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Over 480,000 people die in the USA
each year from smoking. Tobacco kills as many Americans as in all
our wars combined. Over 1,000,000 people. Tobacco kills that
many in a little over 2 years.
Each year, smoking kills more people than AIDS, alcohol, drug abuse,
car crashes, murders, suicides, and fires---combined!
Nationwide 20.5% of men and 15.8% of
women smoke. 24.7% of adults with less than a high school education
smoke compared to only 6% of adults with a college graduate degree smoke. 17% at or above the poverty level smoke compared to
27.9% below the
poverty level. View Document
Smokers are hooked when they
are children !!!
Approximately 80% of adult smokers started smoking before the age of 18. Every day,
nearly 3,000 young people under the age of 18 become regular smokers.
Among adults in the United States who have ever smoked
daily, 91.3% tried their first cigarette and 77.0% became daily smokers
before age 20 years (2). Among high school seniors who had ever tried
smokeless tobacco (SLT), 73% did so by the ninth grade (2).
Cigarette usage in Kentucky is well established by the 8th grade (3).
A survey of 20 life-time smokers at Somerset High School in 2002 showed the
average grade of starting smoking is 8.8.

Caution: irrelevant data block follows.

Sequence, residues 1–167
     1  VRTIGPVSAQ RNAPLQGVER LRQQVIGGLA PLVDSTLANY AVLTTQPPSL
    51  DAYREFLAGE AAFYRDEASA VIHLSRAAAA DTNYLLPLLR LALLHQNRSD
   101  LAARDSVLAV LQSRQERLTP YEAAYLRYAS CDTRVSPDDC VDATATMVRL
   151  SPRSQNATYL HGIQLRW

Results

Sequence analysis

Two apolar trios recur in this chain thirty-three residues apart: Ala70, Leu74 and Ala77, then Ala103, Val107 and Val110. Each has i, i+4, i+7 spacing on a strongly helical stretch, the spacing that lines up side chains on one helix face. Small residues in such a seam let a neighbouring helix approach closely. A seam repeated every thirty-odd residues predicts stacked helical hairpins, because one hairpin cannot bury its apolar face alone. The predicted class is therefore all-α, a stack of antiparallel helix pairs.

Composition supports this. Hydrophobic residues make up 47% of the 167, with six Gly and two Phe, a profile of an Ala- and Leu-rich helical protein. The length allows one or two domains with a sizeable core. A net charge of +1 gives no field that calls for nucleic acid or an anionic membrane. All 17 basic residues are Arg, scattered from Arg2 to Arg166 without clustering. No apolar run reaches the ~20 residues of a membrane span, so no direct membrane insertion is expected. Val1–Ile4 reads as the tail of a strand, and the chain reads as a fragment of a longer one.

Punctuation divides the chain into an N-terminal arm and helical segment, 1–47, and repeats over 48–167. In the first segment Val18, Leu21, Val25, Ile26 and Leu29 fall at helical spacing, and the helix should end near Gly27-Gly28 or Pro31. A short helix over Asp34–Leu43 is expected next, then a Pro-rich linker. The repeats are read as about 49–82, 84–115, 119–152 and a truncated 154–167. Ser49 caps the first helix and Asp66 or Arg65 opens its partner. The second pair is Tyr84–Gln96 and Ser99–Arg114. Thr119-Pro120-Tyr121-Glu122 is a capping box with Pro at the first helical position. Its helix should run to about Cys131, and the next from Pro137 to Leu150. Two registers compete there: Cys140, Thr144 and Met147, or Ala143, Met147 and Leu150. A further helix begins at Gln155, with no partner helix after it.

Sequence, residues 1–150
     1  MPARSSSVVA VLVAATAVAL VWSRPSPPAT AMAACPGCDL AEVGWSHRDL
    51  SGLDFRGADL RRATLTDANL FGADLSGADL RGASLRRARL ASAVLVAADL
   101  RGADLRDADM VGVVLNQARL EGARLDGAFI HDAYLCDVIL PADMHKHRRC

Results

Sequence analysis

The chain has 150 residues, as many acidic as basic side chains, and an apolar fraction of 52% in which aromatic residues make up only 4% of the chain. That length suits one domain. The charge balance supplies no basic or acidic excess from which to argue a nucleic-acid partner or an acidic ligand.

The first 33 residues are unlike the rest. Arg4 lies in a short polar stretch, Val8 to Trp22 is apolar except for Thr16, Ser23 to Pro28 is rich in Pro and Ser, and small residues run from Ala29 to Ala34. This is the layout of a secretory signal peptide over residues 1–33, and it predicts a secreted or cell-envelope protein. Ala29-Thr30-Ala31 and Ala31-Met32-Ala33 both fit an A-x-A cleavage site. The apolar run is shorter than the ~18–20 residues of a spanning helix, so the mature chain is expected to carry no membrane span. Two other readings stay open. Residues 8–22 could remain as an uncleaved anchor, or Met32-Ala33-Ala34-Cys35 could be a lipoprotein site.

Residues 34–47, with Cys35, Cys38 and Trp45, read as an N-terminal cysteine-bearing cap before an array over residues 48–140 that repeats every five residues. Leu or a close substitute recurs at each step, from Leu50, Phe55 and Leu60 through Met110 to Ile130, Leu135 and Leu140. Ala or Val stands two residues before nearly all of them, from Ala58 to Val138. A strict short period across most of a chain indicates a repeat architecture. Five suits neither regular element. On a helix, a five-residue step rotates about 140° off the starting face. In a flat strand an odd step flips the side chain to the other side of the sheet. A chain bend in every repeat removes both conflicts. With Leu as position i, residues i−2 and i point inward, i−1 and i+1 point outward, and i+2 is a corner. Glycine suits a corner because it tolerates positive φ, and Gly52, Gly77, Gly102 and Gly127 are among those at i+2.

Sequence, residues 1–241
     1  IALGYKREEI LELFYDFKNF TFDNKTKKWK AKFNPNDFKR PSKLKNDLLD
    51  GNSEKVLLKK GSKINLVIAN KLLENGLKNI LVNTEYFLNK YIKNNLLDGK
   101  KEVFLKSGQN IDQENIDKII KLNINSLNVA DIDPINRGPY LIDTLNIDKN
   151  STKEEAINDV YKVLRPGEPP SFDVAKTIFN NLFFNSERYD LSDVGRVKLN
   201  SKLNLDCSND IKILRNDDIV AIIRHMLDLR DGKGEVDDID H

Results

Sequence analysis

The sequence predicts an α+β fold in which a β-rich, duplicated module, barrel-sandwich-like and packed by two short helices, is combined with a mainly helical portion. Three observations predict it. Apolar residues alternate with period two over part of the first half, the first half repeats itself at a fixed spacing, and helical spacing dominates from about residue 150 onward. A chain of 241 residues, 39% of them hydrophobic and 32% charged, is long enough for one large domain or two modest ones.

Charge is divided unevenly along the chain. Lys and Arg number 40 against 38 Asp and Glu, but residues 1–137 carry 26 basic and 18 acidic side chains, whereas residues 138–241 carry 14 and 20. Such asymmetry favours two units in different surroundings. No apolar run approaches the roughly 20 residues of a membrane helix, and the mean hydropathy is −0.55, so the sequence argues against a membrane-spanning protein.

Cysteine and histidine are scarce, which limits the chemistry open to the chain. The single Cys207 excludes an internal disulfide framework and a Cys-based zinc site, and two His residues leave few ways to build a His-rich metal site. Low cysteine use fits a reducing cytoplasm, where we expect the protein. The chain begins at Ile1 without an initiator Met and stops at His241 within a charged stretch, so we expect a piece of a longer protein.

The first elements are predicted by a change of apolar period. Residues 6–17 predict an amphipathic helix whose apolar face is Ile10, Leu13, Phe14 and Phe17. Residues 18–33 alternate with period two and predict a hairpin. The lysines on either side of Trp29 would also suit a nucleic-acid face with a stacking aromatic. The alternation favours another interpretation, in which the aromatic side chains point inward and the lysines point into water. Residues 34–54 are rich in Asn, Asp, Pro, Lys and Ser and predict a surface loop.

CDC. The health consequences of smoking: Nicotine
addiction -- a report by the Surgeon General. Rockville, Maryland: US
Department of Health and Human Services, Public Health Service, CDC,
1988; DHHS publication no. (CDC)88-8406.
US Department of Health and Human Services.
Preventing tobacco use among young people: a report by the Surgeon
General. Atlanta: US Department of Health and Human Services, Public
Health Service, CDC, National Center for Chronic Disease Prevention
and Health Promotion, Office on Smoking and Health, 1994.
Children will imitate their piers and role models.
If they see a teacher or sports figure smoking, they will be motivated
to smoke. Thus, keeping children from not smoking can largely be
achieved by presenting to them community models of not smoking.
This is called the "Paradigm Shift" theory of smoking prevention.
As one child said to me after a non-smoking school presentation
"If smoking is really that bad for you wouldn't it be illegal".
The 2010 Kentucky youth tobacco survey evaluated
middle school children and showed a 40% decline in smoking and a 29%
decline in overall tobacco use between the years of 2002 and 2019.
However, 17% of middle school children still used tobacco products and
nine percent still smoked. In addition 48% of middle school children who
are non-smokers are exposed to secondhand smoke. In Kentucky, 37% of
high school students use tobacco products, 27% smoke and 17% use
smokeless tobacco. Thus, 63% of childhood smokers started in or before